Point your marvellous instrument toward the sky and just start scanning - randomly. In no time, you’ll be coming across all kinds of things. Look at each, take a mental note and move on. Spend an hour or two, just randomly aiming the telescope, or, do a more cohesive sweep of the sky, somewhat overlapping the field of view of the scope on each pass. Just enjoy the various objects that pop into view, make a mental note and continue.

When you’ve had enough of this, pack it up and go to bed. I guarantee you'll lie there, in bed, that night, running the various sights you’ve seen, over and over in your head. You’ll wonder what it was that had that tail-like thing sticking out of it, what gave that other smudge of light its unusual shape, color, etc.

A few observing sessions like this, and you’ll want to do more, know more and acquire more in no time. This is how it all started for me, with a 60mm Tasco® refractor telescope on a simple mount, at age 19, all those ages ago.

By Dale Alan Bryant
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Monday, April 25, 2016

Observing Double and Multiple Stars

There have been occasional clear nights when I was inspired to do some serious visual observing, however, whatever chance I had of getting a decent night of observing it was going to be hindered by the brightness of the full moon. Back a few years ago, on one particular crystal clear night during a full moon, I dragged out my Edmund Scientific Astroscan 4.25" reflecting telescope and determined exactly what I could observe.

As I looked up and pondered at what I could view on such a bright night, a thought suddenly struck me. I realized I have never taken the time to seriously observe double and multiple star systems. Being that deep-sky observing was not an option, I figured why not take a shot at splitting some of the well known double and multiple stars? A small telescope-like my 4.5" reflector can resolve many double and multiple star systems. These star systems are interesting to observe because they offer different orientations from one another; star colors, various magnitudes as well as separations between component stars.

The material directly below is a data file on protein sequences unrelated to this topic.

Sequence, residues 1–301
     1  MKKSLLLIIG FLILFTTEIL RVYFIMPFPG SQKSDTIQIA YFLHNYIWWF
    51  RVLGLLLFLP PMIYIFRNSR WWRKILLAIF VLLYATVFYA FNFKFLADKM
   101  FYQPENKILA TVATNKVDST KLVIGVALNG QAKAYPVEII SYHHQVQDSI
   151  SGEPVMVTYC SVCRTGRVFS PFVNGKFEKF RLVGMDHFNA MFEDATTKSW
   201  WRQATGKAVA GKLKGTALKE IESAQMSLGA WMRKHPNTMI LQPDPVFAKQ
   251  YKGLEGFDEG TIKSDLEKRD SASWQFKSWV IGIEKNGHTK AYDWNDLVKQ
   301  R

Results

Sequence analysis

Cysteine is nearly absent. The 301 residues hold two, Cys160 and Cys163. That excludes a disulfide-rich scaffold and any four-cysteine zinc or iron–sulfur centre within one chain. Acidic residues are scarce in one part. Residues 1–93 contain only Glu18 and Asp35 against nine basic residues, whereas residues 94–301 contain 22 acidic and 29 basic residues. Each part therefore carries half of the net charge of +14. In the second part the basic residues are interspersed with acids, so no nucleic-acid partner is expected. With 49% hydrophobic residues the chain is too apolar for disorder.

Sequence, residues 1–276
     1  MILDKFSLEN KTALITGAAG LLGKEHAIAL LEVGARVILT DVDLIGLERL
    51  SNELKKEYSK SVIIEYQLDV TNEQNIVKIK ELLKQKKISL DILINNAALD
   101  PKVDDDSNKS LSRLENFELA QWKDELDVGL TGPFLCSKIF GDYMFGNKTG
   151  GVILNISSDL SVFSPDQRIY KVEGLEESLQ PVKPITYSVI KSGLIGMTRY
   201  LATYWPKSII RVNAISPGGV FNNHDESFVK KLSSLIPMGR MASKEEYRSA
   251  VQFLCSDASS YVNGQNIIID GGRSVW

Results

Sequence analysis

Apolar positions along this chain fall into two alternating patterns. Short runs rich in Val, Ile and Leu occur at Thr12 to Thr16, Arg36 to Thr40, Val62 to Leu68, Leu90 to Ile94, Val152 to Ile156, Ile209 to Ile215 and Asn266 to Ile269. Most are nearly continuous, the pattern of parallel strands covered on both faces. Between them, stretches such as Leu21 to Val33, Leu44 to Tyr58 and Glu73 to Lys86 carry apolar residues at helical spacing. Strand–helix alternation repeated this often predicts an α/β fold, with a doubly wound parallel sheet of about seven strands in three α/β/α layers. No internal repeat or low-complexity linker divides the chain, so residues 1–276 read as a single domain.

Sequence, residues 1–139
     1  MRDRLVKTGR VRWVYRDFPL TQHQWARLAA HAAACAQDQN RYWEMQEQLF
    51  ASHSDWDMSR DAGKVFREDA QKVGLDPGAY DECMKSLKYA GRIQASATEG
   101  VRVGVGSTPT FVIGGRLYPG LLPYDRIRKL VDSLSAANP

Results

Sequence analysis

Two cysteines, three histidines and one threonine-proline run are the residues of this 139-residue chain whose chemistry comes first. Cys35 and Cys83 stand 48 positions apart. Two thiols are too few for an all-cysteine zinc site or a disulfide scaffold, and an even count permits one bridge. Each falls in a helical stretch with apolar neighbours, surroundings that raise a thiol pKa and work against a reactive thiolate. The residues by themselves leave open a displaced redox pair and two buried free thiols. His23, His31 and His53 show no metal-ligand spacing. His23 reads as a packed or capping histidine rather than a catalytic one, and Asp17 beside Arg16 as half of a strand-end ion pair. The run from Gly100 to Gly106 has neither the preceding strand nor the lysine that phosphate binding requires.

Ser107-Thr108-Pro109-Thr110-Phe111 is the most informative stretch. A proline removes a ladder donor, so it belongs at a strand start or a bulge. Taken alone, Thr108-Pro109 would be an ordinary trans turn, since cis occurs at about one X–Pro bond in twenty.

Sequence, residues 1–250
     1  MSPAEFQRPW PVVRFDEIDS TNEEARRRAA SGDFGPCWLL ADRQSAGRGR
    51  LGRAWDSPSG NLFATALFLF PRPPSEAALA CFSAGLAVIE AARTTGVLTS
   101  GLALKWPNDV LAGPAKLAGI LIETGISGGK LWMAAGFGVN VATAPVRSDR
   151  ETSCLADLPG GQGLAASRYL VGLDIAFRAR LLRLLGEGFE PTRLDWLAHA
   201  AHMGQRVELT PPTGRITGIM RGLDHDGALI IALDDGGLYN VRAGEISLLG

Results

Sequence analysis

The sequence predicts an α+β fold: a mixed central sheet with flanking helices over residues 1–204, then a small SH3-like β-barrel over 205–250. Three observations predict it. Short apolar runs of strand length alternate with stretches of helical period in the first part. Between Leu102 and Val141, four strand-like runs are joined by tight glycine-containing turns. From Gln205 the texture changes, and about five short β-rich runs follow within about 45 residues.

Artist's Rendition of Double Star System Albireo in Cygnus
Artist's Rendition of Double Star System Albireo in Cygnus.

Due to the almost endless selections of these star systems and the fact that the availability of these specimens can be seen on almost any night of the year makes this type of observing possible on a bright night with small telescopes. Some double stars are known as "fixed" double stars meaning their components have not moved since their discovery. However, the majority of these star systems do show orbital motion over periods of time. The explanation is that the secondary star appears at a different position as it orbits the primary star. Some stars show orbital motion over a span of years while others may take decades to change their relative positions.

Double star observers use a unit of measurement called a position angle. Determining position angles of double stars is a project that any amateur astronomer or student could undertake with any size telescope. The position angle measured between the two stars is from 0 to 360 degrees in an easterly direction from the north. The difficult part of determining position angles is knowing exactly what orientation your telescope's field is. For example, a reflecting telescope has a field of view south at the top and east is to the right. An easy way to remember position angles for this field is to picture an imaginary clock face with the primary star at the center...

North (0°) is at 6 o'clock, East (90°) at 3 o'clock, South (180°) at 12 O'clock, and West (270°) at 9 o'clock. For example, the position angle for the double Albireo, a double star in the constellation Cygnus the swan is 55° with a separation of 34.6".

An article posted on Sky and Telescope Magazine's website has a list of the best double stars to observe as well as more information on observing double stars.